D-chiro-Inositol and PCOS: between myth and reality. The never-ending story

Int J Food Sci Nutr 2022 Aug;73(5):565-570.PMID:35057707DOI:10.1080/09637486.2022.2029830.

Polycystic ovary syndrome (PCOS) is one of the most common disorders among women of reproductive age and can be diagnosed when at least two of the following criteria are present: chronic ovulatory disorder, clinical and/or biochemical hyperandrogenism, and polycystic ovaries. Diet and lifestyle modifications are the main therapeutic intervention and they can fully restore ovary function and avoid PCOS consequences in a certain number of patients. However, prescription of medications or dietary supplements is often needed. The literature has confirmed the significant role of inositol therapy in PCOS, with particular reference to Myo-inositol and D-chiro-Inositol. The aim of this review is to clarify the use of inositols for the treatment of PCOS and the recent scientific theories about D-chiro-Inositol properties as an ovarian aromatase inhibitor.

Myo-inositol vs. D-chiro inositol in PCOS treatment

Minerva Ginecol 2015 Aug;67(4):321-5.PMID:25670222doi

Aim: Polycystic ovary syndrome (PCOS) is the most common endocrine disorder in women in fertile age. It is an endocrine and metabolic disorder characterized by oligo-anovulation, hyperandrogenism and insulin-resistance. Various therapeutic approaches have been attempted in PCOS, including diet and the use of pharmacological agents such as oral contraceptives (OCs) or anti-androgens. Recently, the introduction of inositol in the treatment plan has proved to be as reasonable as useful in countering the endocrine-metabolic disorders of this syndrome. Methods: The aim of our study was to compare the clinical, endocrine and metabolic response after 6 months of therapy in 137 PCOS women characterized by oligomenorrhea and/or acne and/or mild hirsutism and insulin-resistance. The patients were treated with myo-inositol or with D-chiro-Inositol or with placebo. Results: Our study showed that both myo-inositol (MI-PG) and D-chiro inositol (DCI-PG) treatments are able to significantly improve the regularity of the menstrual cycle, the Acne Score, the endocrine and metabolic parameters and the insulin-resistence in young, overweight, PCOS patients. Conclusion: Definitely, we assumed that both treatments with myo-inositol and with D-chiro inositol could be proposed as a potential valid therapeutic approach for the treatment of patients with PCOS. Additionally, further examination and for a longer period of treatment are needed.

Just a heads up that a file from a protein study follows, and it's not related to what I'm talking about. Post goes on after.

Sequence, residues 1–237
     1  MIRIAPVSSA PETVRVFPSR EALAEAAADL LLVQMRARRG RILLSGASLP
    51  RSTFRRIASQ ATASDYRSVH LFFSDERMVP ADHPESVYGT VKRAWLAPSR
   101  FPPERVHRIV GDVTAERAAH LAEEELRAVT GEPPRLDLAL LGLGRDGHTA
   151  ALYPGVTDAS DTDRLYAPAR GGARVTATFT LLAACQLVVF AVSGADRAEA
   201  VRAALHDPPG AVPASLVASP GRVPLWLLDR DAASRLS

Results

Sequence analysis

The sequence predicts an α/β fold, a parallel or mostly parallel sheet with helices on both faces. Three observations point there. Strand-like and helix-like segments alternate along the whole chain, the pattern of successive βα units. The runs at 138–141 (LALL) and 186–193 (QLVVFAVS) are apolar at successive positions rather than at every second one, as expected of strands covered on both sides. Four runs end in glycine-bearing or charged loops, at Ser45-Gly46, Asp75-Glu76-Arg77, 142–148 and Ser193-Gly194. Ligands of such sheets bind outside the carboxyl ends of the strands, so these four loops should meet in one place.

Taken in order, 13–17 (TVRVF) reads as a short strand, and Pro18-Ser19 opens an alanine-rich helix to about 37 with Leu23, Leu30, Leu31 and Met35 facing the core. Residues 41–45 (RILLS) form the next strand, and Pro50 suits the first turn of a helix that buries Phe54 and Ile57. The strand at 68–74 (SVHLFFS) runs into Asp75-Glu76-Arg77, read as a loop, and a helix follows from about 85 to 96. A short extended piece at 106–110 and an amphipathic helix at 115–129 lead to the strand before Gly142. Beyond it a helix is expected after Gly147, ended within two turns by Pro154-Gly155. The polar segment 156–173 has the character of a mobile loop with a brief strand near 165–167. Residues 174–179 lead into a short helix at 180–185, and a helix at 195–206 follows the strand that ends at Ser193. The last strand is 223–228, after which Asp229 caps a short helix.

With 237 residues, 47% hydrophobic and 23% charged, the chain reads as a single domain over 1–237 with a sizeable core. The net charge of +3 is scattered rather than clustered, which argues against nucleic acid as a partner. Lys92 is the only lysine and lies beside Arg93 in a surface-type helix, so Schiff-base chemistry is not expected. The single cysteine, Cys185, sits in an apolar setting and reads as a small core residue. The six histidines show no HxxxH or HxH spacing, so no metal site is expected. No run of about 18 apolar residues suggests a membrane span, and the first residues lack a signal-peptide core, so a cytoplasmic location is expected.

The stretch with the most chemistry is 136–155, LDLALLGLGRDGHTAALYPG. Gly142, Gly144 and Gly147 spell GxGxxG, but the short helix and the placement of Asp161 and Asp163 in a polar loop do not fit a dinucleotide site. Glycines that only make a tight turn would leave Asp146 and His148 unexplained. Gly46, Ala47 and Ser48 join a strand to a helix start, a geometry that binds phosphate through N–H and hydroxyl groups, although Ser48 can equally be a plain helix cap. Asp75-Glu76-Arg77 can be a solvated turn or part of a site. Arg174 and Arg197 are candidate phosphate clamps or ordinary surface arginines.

Insulin-sensitising drugs (metformin, rosiglitazone, pioglitazone, D-chiro-Inositol) for women with polycystic ovary syndrome, oligo amenorrhoea and subfertility

Cochrane Database Syst Rev 2017 Nov 29;11(11):CD003053.PMID:29183107DOI:10.1002/14651858.CD003053.pub6.